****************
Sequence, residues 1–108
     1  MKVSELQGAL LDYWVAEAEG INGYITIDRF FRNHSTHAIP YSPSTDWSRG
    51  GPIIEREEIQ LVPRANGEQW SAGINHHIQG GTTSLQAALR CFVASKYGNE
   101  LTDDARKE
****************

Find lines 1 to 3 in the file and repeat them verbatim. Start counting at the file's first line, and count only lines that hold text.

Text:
Sequence, residues 1–108
     1  MKVSELQGAL LDYWVAEAEG INGYITIDRF FRNHSTHAIP YSPSTDWSRG
    51  GPIIEREEIQ LVPRANGEQW SAGINHHIQG GTTSLQAALR CFVASKYGNE